thu 25/07/2024

Where the Crawdads Sing review - picturesque film glosses over its darker themes | reviews, news & interviews

Where the Crawdads Sing review - picturesque film glosses over its darker themes

Where the Crawdads Sing review - picturesque film glosses over its darker themes

Delia Owens's bestseller gets a lightweight movie makeover

Daisy Edgar-Jones as Kya the 'Marsh Girl'

Derived from Delia Owens’s massively successful novel, Where the Crawdads Sing is the story of Kya Clark, a girl from an abusive, broken home in the North Carolina marshlands who raises herself almost single-handedly. The few people she encounters during her strange, isolated development from battered girlhood into a fragile young adult dismiss her mockingly as “Marsh Girl”.

It’s only the kindly black couple who run the general store in Barkley Cove who take any trouble to get to know her or show any concern for her welfare (pictured below, Sterling Macer Jr as Jumpin' and Michael Hyatt as Mabel).

It’s a narrative that hits several hot buttons – male violence, alcoholism, abuse of women and children and racism, for instance – and Kya’s tale of enforced solitude and social ostracism ought to leave viewers feeling shamed and plunged into self-scrutiny. Unfortunately, director Olivia Newman and screenwriter Lucy Alibar have delivered a film which is superficially pleasing to the eye but never makes its hard-scrabble themes punch home convincingly.

British actor Daisy Edgar-Jones (familiar from Gentleman Jack and Normal People) plays Kya with sympathy and sensitivity, yet you can never quite equate the remarkably level-headed character she portrays with the hellish experiences she’s been through. It beggars belief, for instance, that her mother and siblings simply abandoned poor young Kya to a hideous fate with her drunk, brutal father, with her hearing nothing from any of them until her brother Jodie suddenly turns up decades later, having spotted a book she’s written in a shop window.

Rather than a feral creature of the marshes, she looks like a demure small town girl who wouldn’t stand out in a crowd, not a weird and idiosyncratic force of nature who feels far more empathy with the birds, turtles and crustaceans of the wilderness than with the human society she’s never been a part of. There’s evocative footage of the waterways, marshes and undergrowth, but it’s just scenery, when it ought to have felt like a living, challenging presence.

But we’re supposed to understand that it’s the rawness and infinite mystery of the natural world which has given Kya the strength to survive, embodied in the way she develops into a brilliant writer and illustrator of books about the flora and fauna of the swamps. She grasps implicitly the notions of natural selection and survival of the fittest, which is where she intersects with the film’s parallel theme of the unexplained death of Chase Andrews (Harris Dickinson, pictured below).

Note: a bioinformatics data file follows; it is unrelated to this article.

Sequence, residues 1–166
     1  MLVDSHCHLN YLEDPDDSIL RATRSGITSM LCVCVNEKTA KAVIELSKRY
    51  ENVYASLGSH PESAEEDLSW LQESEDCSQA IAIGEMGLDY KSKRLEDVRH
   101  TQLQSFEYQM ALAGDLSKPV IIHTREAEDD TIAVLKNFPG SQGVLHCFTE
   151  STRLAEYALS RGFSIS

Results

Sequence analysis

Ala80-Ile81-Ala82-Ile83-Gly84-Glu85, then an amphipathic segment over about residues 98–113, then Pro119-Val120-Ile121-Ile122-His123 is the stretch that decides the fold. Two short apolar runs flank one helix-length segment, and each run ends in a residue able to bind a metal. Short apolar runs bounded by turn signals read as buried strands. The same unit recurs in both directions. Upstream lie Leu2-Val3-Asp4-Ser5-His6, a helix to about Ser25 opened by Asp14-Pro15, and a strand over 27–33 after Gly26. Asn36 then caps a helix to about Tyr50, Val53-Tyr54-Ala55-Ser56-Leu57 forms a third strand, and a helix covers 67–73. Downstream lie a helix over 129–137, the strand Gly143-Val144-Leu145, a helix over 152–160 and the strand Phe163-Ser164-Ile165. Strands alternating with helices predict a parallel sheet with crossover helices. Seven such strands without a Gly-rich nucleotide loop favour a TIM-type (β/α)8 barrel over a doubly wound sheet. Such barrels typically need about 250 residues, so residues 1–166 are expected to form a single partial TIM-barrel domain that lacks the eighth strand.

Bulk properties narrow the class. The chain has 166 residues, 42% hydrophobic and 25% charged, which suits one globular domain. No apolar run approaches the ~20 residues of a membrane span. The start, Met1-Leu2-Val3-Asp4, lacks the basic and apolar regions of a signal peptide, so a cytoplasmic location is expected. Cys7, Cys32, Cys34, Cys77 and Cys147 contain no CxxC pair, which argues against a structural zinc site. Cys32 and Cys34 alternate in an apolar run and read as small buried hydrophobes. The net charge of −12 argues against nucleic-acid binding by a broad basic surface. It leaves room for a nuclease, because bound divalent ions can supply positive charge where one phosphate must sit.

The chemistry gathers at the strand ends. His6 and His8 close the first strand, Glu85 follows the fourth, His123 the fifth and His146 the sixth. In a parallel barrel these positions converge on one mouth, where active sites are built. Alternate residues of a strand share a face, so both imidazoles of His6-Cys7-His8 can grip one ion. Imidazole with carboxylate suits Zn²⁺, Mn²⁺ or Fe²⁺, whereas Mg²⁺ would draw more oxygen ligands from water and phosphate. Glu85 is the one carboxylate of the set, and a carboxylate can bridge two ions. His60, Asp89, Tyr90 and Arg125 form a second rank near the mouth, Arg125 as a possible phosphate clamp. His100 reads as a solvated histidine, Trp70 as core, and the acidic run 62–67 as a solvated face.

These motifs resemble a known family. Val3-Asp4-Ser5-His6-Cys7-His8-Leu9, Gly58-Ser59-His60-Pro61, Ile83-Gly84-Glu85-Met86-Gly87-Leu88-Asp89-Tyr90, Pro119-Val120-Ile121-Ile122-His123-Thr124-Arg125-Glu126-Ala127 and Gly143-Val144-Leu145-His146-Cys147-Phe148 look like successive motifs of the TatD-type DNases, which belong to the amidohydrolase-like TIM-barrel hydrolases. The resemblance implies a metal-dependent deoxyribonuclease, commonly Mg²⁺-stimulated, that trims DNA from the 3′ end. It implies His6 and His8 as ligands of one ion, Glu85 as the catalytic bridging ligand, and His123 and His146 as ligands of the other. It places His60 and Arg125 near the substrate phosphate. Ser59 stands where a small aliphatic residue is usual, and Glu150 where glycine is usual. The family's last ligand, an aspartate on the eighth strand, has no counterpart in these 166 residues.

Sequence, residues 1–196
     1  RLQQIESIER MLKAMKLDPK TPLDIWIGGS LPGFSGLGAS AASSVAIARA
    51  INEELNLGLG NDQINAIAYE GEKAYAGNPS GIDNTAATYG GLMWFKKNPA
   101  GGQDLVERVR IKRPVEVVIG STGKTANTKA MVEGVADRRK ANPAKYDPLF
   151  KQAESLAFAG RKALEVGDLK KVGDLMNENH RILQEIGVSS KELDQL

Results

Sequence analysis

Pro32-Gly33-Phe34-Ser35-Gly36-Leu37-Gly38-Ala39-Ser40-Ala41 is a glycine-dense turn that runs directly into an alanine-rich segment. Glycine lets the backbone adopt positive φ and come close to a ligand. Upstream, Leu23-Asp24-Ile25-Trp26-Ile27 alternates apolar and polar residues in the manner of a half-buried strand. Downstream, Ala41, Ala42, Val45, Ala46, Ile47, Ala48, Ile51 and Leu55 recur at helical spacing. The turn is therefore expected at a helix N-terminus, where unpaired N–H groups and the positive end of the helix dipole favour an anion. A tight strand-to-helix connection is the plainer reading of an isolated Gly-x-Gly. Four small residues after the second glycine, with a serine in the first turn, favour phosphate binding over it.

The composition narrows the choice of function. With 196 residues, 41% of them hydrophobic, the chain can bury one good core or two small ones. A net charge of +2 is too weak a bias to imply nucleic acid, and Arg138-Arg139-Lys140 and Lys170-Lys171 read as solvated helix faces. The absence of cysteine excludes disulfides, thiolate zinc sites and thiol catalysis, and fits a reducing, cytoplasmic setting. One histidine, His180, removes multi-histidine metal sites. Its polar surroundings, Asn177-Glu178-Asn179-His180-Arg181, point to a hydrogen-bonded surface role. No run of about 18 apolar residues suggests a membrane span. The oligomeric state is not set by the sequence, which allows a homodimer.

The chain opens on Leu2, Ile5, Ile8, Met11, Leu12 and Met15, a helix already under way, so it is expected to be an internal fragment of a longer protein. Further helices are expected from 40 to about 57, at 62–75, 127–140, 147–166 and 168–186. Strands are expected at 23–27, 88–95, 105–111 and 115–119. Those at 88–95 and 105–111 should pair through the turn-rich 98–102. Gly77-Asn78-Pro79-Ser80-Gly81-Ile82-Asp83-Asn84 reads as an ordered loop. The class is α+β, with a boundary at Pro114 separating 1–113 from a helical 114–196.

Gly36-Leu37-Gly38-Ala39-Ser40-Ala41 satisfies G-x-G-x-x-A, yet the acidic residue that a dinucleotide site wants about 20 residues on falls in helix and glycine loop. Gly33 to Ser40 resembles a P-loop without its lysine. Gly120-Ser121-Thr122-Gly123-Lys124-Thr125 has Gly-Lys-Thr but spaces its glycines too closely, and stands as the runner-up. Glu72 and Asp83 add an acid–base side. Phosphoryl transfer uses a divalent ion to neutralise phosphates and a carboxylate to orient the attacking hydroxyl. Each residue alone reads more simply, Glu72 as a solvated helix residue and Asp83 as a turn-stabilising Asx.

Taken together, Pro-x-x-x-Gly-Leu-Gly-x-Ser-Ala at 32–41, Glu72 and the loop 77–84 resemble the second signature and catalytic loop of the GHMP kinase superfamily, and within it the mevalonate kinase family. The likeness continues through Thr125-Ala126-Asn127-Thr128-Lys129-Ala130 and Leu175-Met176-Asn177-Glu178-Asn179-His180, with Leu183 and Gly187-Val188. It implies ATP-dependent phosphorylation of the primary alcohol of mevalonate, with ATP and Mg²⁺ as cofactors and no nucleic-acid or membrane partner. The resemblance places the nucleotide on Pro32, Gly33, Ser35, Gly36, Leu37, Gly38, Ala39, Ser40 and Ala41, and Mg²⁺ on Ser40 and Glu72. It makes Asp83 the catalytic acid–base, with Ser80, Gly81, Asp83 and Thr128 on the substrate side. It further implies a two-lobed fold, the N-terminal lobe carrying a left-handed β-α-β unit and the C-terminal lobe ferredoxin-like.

The narrative opens with the discovery of his body in the swamp, after he seemingly fell from a fire-watch tower. With impressively perverse logic, the local sheriff deduces from the complete absence of fingerprints, footprints or any other kind of telltale evidence that Andrews must have been murdered, since the killer had obviously been so meticulous in erasing any trace of their presence. Somebody happened to have overheard Kya yelling at Chase that she’d kill him, and bingo – she lands up in jail on suspicion of murder.

The murder investigation advances intermittently alongside the telling of Kya’s personal history, sometimes going missing for so long that you forget all about it. It at least affords David Strathairn scope to play Kya's kindly liberal-minded defence attorney Tom Milton. Meanwhile, we get to meet the two men who will have a fateful impact on Kya’s life, the decent and clean-cut (if slightly unreliable) Tate (Taylor John Smith), and the aforementioned Chase. The latter’s creepy, overbearing manner tells you all you need to know, like a flashing neon sign pinned to his forehead saying “rapist”.

Sticking to the novel is the best bet, I reckon, since Taylor Swift’s song “Carolina”, played over the closing credits, is the best bit of the film. And you’d think they could at least have explained what a crawdad is and let us hear one singing.

It's superficially pleasing to the eye but never makes its hard-scrabble themes punch home convincingly


Editor Rating: 
Average: 2 (1 vote)

Share this article


Absolutely loved this film, haven’t read the book, but ‘got’ all the issues raised & some you didn’t raise, such as the Father probably suffering from PTSD after the war & Chase having to ‘do the right thing’ as expected by White Middle Class Americans in the 1959’s. All my friends & family who’ve seen it enjoyed it & ‘got’ it too. Stop being snowflakes, just be Woke!

Add comment

Subscribe to

Thank you for continuing to read our work on For unlimited access to every article in its entirety, including our archive of more than 15,000 pieces, we're asking for £5 per month or £40 per year. We feel it's a very good deal, and hope you do too.

To take a subscription now simply click here.

And if you're looking for that extra gift for a friend or family member, why not treat them to a gift subscription?


Get a weekly digest of our critical highlights in your inbox each Thursday!

Simply enter your email address in the box below

View previous newsletters